and suddenly you decided to be a songwriter instead.
You got more caught up in the music,
and gradually thought less and less of poetry.
You're determined to be rich and famous one day,
and you want the entire world to listen to your songs.
You're convinced that you'll have created something phenomenal by the end of this year
despite the fact you're only in fifth grade,
and know that you'll be a known creator by middle school.
That's what you tell yourself, anyway.
But deep on the inside,
in the place where your words and songs can't penetrate,
you know that this is the way it always starts.
You always think you'll be successful this time,
and you're always embarrassed,
and you know that all this ambition is a substitute
for all of the people you won't admit you need.
Nobody else can see this is the reality.
Why can't they see it?
Why don't they all know,
and why don't they stop you before you humiliate yourself again?
You try to interpret the world by writing it all down,
but the older you get,
the more your words are squeezed out of you into some abyss
that some people might call "time-crunch."
You're bursting with stories,
but as time goes on you lose the time ad incentive to write them.
You're an expert at temporarily forgetting—
at setting up a shelter of words and music and maybe the occasional BBC television show
to barricade the worries,
but every once in a while you have to think about your existence,
and the idea of any change terrifies you
if you pay it any attention.
You get more and more negative as time passes
and you're scared of negativity
because you know that there is a section of your mind that lives in the present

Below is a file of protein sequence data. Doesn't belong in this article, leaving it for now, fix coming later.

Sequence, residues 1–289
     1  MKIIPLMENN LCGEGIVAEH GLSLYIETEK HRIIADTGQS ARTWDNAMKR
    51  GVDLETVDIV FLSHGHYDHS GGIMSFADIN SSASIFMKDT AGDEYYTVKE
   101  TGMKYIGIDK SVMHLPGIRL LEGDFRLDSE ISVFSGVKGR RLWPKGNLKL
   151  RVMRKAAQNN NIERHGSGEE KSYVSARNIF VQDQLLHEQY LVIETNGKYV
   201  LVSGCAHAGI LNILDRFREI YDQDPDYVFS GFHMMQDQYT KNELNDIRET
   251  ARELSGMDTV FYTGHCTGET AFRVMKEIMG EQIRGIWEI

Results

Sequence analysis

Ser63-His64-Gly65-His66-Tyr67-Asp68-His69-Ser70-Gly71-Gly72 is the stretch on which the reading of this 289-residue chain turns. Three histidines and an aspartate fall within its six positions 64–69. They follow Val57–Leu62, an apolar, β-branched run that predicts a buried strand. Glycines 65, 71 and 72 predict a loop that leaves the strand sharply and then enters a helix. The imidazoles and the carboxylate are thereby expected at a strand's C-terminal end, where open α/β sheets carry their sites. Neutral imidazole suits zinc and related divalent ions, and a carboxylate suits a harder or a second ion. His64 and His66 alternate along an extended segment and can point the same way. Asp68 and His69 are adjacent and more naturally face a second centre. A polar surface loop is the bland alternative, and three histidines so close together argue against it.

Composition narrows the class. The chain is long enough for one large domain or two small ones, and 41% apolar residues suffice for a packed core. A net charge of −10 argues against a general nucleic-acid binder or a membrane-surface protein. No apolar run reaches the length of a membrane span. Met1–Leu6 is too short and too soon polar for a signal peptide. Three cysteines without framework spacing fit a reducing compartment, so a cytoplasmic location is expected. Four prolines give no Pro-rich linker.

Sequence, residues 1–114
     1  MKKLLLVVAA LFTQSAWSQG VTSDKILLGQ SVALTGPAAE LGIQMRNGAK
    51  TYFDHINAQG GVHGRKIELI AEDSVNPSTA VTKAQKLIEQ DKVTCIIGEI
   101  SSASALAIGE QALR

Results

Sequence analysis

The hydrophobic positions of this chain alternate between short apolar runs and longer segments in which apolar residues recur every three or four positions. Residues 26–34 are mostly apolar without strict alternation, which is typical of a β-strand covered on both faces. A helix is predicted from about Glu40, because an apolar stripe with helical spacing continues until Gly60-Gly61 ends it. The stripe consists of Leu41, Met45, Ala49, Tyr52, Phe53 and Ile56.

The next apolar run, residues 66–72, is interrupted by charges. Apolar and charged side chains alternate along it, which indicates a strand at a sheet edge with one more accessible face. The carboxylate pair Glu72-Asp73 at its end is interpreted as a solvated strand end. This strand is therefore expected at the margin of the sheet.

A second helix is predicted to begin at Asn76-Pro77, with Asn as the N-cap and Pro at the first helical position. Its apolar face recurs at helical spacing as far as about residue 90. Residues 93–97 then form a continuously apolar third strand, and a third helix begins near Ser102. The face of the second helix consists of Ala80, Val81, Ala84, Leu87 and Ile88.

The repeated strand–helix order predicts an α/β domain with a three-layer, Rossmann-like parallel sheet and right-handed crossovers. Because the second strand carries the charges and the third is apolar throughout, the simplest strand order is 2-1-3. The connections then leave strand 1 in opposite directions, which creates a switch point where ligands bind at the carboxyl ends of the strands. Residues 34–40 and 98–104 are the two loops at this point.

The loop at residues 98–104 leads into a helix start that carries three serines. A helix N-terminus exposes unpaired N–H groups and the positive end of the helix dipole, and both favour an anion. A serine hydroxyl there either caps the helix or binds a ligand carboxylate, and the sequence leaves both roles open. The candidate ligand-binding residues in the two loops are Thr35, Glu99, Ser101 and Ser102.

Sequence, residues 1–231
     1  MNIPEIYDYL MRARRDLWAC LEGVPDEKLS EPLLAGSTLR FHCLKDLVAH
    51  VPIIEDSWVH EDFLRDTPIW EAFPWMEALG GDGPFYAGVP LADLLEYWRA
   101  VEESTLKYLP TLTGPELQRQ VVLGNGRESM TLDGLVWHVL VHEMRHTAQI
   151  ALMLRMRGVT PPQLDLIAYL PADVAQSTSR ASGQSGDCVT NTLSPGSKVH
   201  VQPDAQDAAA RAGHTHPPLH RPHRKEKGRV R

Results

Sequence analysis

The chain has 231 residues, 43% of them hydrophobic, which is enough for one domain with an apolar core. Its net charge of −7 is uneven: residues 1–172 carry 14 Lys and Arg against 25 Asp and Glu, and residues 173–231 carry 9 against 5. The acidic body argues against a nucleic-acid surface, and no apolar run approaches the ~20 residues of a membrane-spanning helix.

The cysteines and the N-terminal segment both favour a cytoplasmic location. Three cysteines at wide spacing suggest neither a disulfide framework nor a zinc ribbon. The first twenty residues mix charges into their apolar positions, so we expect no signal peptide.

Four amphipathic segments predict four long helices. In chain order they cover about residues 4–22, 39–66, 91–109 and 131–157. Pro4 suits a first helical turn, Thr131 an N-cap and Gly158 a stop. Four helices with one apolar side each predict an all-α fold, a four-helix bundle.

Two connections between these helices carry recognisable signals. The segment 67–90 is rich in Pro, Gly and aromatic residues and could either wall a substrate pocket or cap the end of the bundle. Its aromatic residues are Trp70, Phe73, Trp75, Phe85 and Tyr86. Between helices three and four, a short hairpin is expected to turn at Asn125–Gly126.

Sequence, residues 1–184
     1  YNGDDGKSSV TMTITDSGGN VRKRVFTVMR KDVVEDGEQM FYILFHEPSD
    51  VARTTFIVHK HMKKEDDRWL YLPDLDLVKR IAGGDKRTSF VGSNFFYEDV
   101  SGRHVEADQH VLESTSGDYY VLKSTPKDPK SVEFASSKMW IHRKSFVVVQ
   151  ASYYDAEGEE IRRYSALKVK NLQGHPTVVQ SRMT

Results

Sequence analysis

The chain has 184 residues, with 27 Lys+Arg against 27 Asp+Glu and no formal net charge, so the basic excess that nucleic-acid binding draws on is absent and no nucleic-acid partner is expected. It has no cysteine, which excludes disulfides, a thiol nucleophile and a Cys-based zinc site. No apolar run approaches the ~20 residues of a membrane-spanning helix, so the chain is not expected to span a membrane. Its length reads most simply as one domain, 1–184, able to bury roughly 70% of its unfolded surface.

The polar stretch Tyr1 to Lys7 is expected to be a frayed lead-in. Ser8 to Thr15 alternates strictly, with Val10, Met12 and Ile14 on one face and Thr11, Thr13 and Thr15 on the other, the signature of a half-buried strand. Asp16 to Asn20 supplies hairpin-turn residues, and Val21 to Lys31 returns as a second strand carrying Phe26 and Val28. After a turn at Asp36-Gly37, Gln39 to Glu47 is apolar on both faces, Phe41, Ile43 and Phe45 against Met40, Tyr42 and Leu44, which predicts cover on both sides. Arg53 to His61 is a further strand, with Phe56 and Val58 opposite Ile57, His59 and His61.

and another section that watches and rationally says,
You know you'll think this is ridiculous before long.
But the living-in-the-present side always wins,
and when you lose interest in whatever it was this time,
your rational mind smirks and says, Told you so.
You never listen to it until it's too late,
and from the rational part of your mind,
or maybe the irrational one,
you're scared of what you might do or think or decide.
You're scared of everything,
and apart from your barricade of words,
you're not sure what you like to do
or what you want.
You won't let yourself feel anything unless you have a logical excuse for it,
and sometimes you catch yourself thinking that,
sure, these things will matter in the future,
but what about now?
Shouldn't I try to do good now? To at least be happy? Won't that matter in the future?
One of you
The rest of you
but not strange,
because each of you is a little bit like me
and I am a little bit
like each of you.
I love the tiny details of your lives.
What order you do your homework in—math, first, or science?
What do you reply when your sister teases you?
Do you hate brushing your teeth
because it's just so laborious to drag yourself out bed at midnight and work the electric toothbrush
over your braces?
You are complete strangers in those tiny details,
but yet I also know you.
And because I know you,
because I can imagine you,
you are strange.
I have never met you, any of you, besides me.
And for that reason, I love you.
You are strange.